Hannah Ross Featured by Law360 Discussing Plaintiffs’ Bar Perspective on Securities Litigation

May 10, 2017

In a feature interview with legal newswire Law360, BLB&G partner Hannah Ross discusses her role as a plaintiffs' litigator acting on behalf of large institutional investors in the article, “Plaintiffs’ Bar Perspective: Bernstein Litowitz’s Hannah Ross.”  

A self-described “prosecutor at heart,” Ms. Ross has nearly two decades of working as a trial lawyer in civil and criminal matters, both a public prosecutor and a private litigator.  She is committed to seeing “justice done” and is “passionate about doing everything in my power to ensure that happens.” As a plaintiff-side securities litigator, Ms. Ross has found her calling “representing hard-working Americans as we fight to recoup their retirement savings from corporate executives who defrauded their investors.”

As a senior woman partner at the firm, Ms. Ross is especially proud “to be a resource and mentor to the firm’s women attorneys, who are learning their way in what has traditionally been a male-dominated field,” as well as how to navigate life and work balance.

She believes that in order to be a successful plaintiffs’ attorney, one has to be proactive, focused, strategic and knowledgeable.  As it is incumbent on plaintiffs’ counsel to push a case forward, she emphasizes the importance of having a strategic command, knowing “every aspect of your case—the facts, the judge, the relevant law, new legal developments, and the particular procedural requirements.”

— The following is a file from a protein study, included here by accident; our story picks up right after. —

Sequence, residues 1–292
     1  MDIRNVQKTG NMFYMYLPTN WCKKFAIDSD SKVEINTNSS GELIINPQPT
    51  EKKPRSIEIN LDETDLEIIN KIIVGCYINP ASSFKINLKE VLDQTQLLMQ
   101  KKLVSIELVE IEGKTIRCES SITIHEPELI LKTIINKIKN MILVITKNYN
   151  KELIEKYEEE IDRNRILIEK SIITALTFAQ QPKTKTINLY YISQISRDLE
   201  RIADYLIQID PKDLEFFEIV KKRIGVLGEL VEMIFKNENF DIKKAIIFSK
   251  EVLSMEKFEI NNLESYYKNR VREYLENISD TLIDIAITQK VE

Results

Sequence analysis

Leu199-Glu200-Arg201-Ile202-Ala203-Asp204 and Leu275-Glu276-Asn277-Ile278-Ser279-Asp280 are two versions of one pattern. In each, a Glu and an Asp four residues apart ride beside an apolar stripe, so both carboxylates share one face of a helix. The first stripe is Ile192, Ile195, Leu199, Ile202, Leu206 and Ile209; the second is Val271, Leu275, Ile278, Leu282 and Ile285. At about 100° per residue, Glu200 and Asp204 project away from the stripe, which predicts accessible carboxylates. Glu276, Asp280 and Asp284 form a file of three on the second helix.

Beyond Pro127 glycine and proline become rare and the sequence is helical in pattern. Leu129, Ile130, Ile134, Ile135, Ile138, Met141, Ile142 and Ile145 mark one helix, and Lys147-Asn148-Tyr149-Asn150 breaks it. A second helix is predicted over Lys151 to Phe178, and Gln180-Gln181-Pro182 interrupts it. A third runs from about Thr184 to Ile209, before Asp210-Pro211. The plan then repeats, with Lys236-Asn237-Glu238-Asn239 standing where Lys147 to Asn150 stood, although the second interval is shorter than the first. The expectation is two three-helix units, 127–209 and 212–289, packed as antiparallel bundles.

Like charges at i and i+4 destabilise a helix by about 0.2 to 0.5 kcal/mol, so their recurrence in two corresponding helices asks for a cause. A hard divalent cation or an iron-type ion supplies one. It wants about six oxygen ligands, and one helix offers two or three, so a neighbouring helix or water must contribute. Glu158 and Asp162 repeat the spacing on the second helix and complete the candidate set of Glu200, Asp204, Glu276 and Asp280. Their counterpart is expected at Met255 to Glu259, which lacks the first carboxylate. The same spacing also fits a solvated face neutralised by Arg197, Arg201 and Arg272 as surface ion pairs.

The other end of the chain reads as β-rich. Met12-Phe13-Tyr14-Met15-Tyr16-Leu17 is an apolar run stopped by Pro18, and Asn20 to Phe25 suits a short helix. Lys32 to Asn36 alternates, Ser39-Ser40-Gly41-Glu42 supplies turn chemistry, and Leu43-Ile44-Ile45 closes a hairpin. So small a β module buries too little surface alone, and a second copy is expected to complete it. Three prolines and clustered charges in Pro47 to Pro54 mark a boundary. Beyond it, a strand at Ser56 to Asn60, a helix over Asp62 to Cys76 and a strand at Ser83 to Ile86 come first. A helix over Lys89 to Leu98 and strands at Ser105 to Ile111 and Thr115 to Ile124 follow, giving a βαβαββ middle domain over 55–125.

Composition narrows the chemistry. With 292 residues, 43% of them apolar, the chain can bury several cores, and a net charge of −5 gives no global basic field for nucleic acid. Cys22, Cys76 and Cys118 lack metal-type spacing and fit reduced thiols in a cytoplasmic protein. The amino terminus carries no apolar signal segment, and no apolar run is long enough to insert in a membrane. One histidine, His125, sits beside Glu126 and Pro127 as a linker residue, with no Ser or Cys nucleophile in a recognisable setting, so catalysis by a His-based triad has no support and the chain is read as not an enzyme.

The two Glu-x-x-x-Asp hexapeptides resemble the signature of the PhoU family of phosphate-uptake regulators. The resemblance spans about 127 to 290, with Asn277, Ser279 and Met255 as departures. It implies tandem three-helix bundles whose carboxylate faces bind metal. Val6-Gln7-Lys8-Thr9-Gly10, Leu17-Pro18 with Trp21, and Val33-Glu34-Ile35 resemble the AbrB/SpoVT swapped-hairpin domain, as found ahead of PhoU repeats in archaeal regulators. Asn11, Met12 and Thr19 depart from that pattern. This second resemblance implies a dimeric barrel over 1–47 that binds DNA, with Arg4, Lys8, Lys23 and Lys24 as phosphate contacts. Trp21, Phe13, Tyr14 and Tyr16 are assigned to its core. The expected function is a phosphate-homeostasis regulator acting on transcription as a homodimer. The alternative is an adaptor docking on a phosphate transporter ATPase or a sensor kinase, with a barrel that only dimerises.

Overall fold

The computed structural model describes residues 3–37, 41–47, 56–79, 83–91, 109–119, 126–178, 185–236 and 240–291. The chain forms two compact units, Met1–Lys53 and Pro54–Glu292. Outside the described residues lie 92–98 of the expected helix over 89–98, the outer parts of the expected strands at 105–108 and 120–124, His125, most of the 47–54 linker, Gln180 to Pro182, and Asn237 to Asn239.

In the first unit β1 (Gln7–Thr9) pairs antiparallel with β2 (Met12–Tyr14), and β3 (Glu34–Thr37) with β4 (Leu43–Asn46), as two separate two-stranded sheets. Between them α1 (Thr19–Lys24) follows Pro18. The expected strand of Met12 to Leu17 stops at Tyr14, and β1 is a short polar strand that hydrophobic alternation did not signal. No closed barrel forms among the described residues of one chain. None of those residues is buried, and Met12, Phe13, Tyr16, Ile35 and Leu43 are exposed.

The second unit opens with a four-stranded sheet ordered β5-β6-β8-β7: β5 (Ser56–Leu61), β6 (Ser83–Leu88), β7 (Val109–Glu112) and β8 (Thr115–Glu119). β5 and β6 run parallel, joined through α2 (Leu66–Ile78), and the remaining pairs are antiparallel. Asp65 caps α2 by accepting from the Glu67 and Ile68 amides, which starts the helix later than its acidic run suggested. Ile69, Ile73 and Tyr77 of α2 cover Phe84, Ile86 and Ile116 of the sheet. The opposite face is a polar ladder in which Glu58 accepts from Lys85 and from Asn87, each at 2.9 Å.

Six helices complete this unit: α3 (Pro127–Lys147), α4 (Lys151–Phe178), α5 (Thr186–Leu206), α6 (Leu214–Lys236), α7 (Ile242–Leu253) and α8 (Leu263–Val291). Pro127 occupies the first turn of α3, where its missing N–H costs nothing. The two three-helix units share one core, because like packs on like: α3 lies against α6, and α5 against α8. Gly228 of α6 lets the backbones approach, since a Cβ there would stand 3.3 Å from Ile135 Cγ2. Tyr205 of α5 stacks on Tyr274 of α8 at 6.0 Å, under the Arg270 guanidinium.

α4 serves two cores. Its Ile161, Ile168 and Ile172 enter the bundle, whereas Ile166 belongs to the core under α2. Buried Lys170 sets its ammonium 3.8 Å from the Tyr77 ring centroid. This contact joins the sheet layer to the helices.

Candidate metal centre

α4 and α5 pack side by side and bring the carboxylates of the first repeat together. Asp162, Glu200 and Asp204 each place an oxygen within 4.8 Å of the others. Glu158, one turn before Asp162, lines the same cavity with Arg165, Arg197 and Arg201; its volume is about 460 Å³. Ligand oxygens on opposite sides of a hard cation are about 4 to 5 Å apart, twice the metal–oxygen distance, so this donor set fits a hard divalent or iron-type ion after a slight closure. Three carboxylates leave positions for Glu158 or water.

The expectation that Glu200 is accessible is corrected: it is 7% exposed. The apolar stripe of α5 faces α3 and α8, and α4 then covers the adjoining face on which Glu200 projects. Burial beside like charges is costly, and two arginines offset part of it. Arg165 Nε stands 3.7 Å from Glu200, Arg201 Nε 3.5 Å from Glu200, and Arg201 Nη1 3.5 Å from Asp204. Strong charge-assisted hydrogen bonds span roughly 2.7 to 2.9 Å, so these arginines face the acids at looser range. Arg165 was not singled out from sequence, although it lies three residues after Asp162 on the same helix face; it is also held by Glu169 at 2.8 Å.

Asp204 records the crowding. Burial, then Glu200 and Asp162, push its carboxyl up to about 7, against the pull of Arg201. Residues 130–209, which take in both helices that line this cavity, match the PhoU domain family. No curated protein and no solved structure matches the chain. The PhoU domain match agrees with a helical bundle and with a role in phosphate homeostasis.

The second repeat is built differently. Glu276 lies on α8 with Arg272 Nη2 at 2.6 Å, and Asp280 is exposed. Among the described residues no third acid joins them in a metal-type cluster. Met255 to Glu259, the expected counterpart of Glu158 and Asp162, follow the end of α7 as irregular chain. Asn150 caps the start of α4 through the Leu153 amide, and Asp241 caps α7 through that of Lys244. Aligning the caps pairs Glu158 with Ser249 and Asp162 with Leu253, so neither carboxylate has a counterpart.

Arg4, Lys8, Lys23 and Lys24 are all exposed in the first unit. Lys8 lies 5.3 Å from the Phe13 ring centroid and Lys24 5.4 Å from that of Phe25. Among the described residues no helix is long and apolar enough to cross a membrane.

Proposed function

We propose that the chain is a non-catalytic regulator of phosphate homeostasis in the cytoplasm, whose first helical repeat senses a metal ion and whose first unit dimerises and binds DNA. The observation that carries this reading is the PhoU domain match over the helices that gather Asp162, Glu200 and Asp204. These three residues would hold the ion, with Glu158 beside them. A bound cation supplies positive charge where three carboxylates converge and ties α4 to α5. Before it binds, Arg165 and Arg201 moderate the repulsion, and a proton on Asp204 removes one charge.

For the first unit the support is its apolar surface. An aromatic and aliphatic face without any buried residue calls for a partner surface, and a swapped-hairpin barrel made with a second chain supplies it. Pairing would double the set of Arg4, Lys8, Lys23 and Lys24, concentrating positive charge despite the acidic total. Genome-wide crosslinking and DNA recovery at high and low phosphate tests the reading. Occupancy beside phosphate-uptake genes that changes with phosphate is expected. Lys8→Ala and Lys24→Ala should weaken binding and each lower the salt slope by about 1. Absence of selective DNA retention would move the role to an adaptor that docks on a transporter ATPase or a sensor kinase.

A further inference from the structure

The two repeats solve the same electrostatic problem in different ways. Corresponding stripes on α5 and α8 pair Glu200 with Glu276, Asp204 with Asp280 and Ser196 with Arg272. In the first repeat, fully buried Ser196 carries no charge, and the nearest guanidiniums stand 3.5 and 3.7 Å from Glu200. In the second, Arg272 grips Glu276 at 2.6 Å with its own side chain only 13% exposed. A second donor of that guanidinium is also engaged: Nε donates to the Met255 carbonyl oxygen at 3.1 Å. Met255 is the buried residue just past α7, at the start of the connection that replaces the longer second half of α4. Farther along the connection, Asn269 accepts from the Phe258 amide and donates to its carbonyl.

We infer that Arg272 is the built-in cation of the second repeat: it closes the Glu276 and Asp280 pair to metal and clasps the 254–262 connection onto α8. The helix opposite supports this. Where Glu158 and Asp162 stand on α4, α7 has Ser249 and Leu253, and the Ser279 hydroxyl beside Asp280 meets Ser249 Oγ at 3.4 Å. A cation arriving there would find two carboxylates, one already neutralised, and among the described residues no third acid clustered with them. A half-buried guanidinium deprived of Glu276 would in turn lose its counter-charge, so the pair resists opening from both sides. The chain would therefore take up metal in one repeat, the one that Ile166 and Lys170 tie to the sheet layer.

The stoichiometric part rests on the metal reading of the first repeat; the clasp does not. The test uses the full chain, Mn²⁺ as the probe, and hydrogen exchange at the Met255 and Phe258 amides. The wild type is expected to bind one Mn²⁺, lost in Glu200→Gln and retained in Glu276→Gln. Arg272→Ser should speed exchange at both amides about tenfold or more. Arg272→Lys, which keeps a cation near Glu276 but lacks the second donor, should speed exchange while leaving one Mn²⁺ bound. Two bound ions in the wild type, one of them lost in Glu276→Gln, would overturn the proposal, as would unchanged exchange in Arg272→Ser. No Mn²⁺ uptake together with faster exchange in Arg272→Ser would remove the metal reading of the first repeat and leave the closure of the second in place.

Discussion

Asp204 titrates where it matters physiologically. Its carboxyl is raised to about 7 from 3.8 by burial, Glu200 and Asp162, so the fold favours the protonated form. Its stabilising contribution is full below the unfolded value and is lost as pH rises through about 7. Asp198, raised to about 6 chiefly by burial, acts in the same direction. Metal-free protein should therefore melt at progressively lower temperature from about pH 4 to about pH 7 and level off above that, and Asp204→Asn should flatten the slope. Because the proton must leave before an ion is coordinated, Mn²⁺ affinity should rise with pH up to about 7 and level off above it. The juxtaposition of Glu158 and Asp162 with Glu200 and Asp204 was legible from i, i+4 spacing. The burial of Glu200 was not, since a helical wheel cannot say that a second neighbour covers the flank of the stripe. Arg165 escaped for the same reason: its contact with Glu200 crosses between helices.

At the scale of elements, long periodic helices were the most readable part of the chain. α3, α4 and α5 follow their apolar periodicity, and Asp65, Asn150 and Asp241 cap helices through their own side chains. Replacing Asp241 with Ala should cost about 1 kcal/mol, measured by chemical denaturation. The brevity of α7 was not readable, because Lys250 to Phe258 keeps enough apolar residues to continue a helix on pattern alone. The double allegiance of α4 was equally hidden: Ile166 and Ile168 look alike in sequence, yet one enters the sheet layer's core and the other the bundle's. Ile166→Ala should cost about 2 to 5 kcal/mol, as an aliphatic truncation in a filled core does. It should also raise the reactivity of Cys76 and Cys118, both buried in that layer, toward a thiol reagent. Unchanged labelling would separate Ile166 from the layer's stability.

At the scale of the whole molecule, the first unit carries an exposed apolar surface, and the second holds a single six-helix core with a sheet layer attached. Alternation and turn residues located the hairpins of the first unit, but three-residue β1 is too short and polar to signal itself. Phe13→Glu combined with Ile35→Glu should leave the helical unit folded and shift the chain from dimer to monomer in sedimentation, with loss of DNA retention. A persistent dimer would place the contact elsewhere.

In discussing recent challenges, Ms. Ross recalls her experience as a senior member of the team on Bank of America, a case that resulted in the historic recovery $1.062 billion for defrauded investors.  She describes her work on the case as an “all-encompassing commitment,” requiring her and her team to “dedicate significant portions of their lives.” According to Ms. Ross, the importance of the work “and the comradery of our team kept us focused on our end goal” as they vigorously litigated complex claims under the pressure of a demanding timeline set by the Court.  “Three years later, we were incredibly gratified” with the result.

Ms. Ross also discusses the political and legal trends over the last few years that have made securities actions “more difficult to prosecute.”  “We have seen the emergence of new substantive hurdles in the prosecution of a securities class action,” she states, “making it more time consuming and more procedurally challenging.”